Ex-Toys 'R' Us Clerk Can Bring Seating Suit For 14K Workers
January 11, 2013
Law360, Los Angeles (January 11, 2013, 5:04 PM ET) -- A California judge ruled Wednesday that a former Toys 'R' Us stock clerk who alleges she was denied “suitable seating” at her workplace can pursue a lawsuit on behalf of more than 14,000 employees, finding triable issues that the case is manageable on a representative basis.
Los Angeles Superior Court Judge Mary Strobel rejected Toys 'R' Us' argument that Gina Richee could not bring a “nonclass representative action” under California's Private Attorney General Act because the company employs workers in 104 different positions and there are significant variations from store to store for the same position. Richee worked as a pricing and signage team member in the Cerritos store.
“Plaintiffs have submitted evidence to support the argument that [the] case should be manageable,” Strobel said in denying Toys 'R' Us' motion for summary judgment.
She singled out the deposition of a manager who testified that nonmanagerial positions are basically the same from store to store and Toys 'R' Us cross-trains all store employees to perform certain duties such as cashiering.
If positions and duties are the same across stores, Richee has argued, she will be able to show on a representative basis which duties permit the use of seats and which require standing.
“Defendant has not shown that Richee could not be an adequate representative for some classes of employees,” Judge Strobel concluded.
Richee, who worked for Toys 'R' Us from 1995 to 2010, and another former employee, Yvonne Taylor, filed a PAGA suit in March 2011, alleging the company violated Industrial Welfare Commission wage orders that require employers to provide “suitable seats when the nature of the work reasonably permits the use of seats” and provide an adequate number of seats in “reasonable proximity” to the work area when employees are taking a break and the nature of their work requires standing.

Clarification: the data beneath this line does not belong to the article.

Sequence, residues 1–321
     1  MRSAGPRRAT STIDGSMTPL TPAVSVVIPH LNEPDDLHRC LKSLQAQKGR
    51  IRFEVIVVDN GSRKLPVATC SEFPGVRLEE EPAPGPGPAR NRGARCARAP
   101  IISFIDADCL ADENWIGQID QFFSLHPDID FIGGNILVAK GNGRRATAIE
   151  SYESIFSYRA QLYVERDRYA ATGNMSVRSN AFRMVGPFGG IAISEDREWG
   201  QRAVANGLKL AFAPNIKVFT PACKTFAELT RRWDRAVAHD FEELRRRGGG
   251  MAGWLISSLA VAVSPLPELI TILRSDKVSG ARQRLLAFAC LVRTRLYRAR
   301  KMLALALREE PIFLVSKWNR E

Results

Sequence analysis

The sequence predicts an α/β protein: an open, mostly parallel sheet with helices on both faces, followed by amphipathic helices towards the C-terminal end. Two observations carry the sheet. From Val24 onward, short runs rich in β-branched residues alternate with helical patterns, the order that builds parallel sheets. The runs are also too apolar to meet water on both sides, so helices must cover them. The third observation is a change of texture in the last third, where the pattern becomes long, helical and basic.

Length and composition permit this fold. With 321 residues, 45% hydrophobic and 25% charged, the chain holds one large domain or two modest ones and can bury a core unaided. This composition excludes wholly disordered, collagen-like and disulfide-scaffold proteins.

The PAGA allows claims to be filed as nonclass representative actions, a legal mechanism that avoids the sometimes onerous requirements of class actions.
Toys 'R' Us moved for summary judgment on the basis of manageability and the argument that Richee was provided with a seat when she performed the duties that comprised the nature of her work and she had plenty of places to sit when she was not working, including in the break room.
But Judge Strobel, in addition to finding manageability, said there were triable issues as to “whether Richee was provided with seats [when] the nature of her work permitted sitting” and whether Toys 'R' Us provided adequate seats in proximity to the work area.
Richee, she noted, had testified that seats available on the retail sales floor were for customer use and the break room was up a flight of stairs and set apart from the sales floor.
Judge Strobel did, however, dismiss Taylor from the case on procedural grounds, finding she had not exhausted her administrative remedies by filing a grievance with the Labor and Workforce Development Agency.
Richee is represented by David Spivak and Jim McElwain of the Spivak Law Firm and Shaun Setareh and Hayley Schwartzkopf of the Law Office of Shaun Setareh.
Toys 'R' Us is represented by Mark S. Askanas, Dylan B. Carp and Mia Farber of Jackson Lewis LLP.
The case is Richee v. Toys 'R' Us-Delaware Inc., case number BC457688, in the Superior Court of the State of California, County of Los Angeles.
--Editing by Andrew Park.